It’s really weird. It’s weird because we just all get compared to each other. We’re looking to get on the same public interviews and the same whatever, and that’s probably how you end up getting compared is the same people are promoting you. So being an out gay artist, I don’t personally think it helps or hurts me. I don’t know about everybody else. And I don’t even know what I mean by that. I can only speak for myself, I guess, is what I mean.
Have you ever experienced any kind of homophobia in the industry?
Absolutely. Look, in 2011, I was on “The X Factor,” Simon Cowell’s show. And of course, this was not aired on television, but within three seconds of being on stage, he asked if I would’ve preferred to have been born into a female’s body. This was 2011, so there was no representation. I think Sam Smith had just come out with a single, and I don’t think he was [out]. It was super hard for me to go on a show that’s run by the same people who are selling those records and have no comment on my talent whatsoever. Paula Abdul called me “strange.” What was strange about me? That I was gay.
Did you challenge her on that?
No, I didn’t because I had just graduated from musical-theater school, so the whole training is, “OK, thank you,” “OK, thank you.” Looking back, I would’ve been like, “You know what, Paula, this is a singing competition. Why don’t you come up here and we can sing ‘Straight Up’ and we can see who’s better, me or you? Because you calling me strange is a high compliment, because if I’m strange to your whack-a–… .” I mean, the strange thing is that she sang flat on her records.
Being a Paula fan, this seems like something that must’ve been difficult for you to hear.
Especially standing on stage in front of an audience of 4,000 with your family watching. Everything about it was mortifying.
I’ve read that you were told that you would fare better in this industry if you played up your masculinity. At what point did that happen?
We shot this music video that’s about to come out, and I’m not playing a girl in it, but I’m very androgynously behaved. I don’t know, it’s just the mannerisms I wanna give. It’s a little diva energy. And we went back and added another scene to play up masculine whatever because I think the song is the most mainstream I’ve done, but is it just so we can make it easier for other people to digest? Sure. Sometimes it’s like, “Oh, you’re handsome, so you should be doing it this way.” I’ve been told by other people, “I see you being like a Sam Smith,” and it’s funny because they bring up a gay person. Well, Sam Smith is already doing Sam Smith.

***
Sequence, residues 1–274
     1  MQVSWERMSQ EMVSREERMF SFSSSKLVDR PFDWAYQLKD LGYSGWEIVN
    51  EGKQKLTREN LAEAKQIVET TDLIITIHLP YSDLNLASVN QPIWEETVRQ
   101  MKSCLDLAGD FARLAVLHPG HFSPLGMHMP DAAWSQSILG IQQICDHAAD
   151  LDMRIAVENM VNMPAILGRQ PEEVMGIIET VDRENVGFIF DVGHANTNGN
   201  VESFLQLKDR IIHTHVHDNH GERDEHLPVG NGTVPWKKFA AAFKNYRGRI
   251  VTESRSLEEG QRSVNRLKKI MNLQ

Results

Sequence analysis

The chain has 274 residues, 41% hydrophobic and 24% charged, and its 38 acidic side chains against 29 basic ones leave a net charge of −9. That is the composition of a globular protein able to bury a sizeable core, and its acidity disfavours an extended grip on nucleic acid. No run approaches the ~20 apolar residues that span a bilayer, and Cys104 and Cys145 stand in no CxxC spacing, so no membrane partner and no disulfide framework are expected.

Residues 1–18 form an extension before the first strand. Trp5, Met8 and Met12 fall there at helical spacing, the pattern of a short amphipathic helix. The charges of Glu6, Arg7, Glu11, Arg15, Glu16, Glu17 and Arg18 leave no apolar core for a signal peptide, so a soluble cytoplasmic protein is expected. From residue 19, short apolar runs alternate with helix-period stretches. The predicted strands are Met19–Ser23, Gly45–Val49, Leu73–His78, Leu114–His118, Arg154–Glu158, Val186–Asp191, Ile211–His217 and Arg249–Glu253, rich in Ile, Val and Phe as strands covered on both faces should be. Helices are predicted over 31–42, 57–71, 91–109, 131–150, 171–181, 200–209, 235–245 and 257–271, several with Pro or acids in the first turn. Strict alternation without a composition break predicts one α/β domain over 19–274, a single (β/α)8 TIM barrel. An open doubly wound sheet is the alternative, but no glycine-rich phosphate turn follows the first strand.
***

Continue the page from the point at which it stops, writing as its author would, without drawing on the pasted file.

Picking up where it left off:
There are also a lot of people who say I shouldn’t be playing up my gayness in my videos. I view it like drag, sort of. It’s just who I am when I’m performing. Not that there’s not elements of it in my life. Like, I’m standing next to a giant Mariah Carey portrait in my living room; I’m not pretending that I’m a jock when I’m off the field. I’m the one walking around with acrylics. Had ’em for two weeks. So all the other girls using their press-ons can have fun, but, you know, I’m committing to this.
Also, aren’t we able to be more complex now?
What it is, and I’ve talked to my therapist about this: There’s this desperation currently to find identity within separation rather than within what makes us similar. People are desperately clinging to anything that keeps them misunderstood, and for me, I would be happy to be understood. I’m happy for people to see me and say, “Yes, I relate to that.” For me, it’s been the most rewarding part of being who I am. And some days I want to put on a pink shirt. That I wanna do the Mariah Carey “Heartbreaker” video doesn’t mean anything more than I wanna do the Mariah Carey “Heartbreaker” video.
As editor of Q Syndicate, the international LGBTQ wire service, Chris Azzopardi has interviewed a multitude of superstars, including Cher, Meryl Streep, Mariah Carey and Beyoncé. His work has also appeared in The New York Times, Vanity Fair, GQ and Billboard.